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tence the Latin intensive has been passed over, and the adjective added by the translator: CP. 37.8 ðær he ymb his getreowne degn unsynnigne sierede (etiam devotum militem extinxit). In each case, however, the concessive relation is more or less clearly implied. There is concessive force also in the appositive noun of the following: ÆH. 1. 588. 28 Ic wundrige de, snoterne wer, þæt du dyssere lare fylian wylt; 'I wonder that thou, astute man as thou art, wilt follow this teaching.'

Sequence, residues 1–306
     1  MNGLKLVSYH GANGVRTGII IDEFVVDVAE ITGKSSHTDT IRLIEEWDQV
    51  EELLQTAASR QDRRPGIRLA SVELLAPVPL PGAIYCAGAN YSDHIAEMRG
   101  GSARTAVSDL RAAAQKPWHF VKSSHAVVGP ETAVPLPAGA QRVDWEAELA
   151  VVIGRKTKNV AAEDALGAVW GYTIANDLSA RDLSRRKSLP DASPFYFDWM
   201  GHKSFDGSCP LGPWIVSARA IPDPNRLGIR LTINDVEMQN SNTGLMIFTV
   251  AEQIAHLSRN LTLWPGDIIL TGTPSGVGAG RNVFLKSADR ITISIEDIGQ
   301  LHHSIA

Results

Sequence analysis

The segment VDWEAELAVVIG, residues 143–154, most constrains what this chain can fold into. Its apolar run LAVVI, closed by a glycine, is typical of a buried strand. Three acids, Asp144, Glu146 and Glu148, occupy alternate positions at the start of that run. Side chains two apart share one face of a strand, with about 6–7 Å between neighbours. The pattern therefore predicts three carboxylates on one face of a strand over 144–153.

There are a few passages in which appositive adjectives, with oðde or ge ... ge (which ordinarily means both ... and) approach the meaning of a disjunctive concession : BR. 13. 2 for þon ge peow ge freoh, ealle we synd an Criste an (quia sive servus sive liber, omnes in Christo unum sumus; Laws 250. 4 7 þæt man heonan forð læte manna gehwylcne, ge earmne ge eadigne, folcrihtes wyrde (Latin version : statua ... nulli abstrahantur persone, nobili neque ignobili); 308. 13 læte manna gehwylcne ge earmne ge eadigne, folcrihtes weorðne (Latin version : reputetur omnis homo publica dignus rectitudine, pauper, diues, quicumque sit); LS. 1.504. 277 eall þæt he ær agylte læsse oppe mare, we lætað hit of gemynde swilce hit næfre ne gewurde. With no connective but ne: Cod. Dip. 4. 242. 30 ik hate and beode dat no man ne worde swa doerste ... dat dis ilk wharf ... breke, haded ne leawed (nullus omnino nec clericus nec laicus). In none of these cases is the concessive relation clearly marked. But the Latin constructions which the appositives translate or by which they are translated, especially sive and quicumque sit, show that these Old English constructions were sometimes felt as at least having a hypothetical turn. Nor is the content of these phrases very different from certain disjunctive concessions with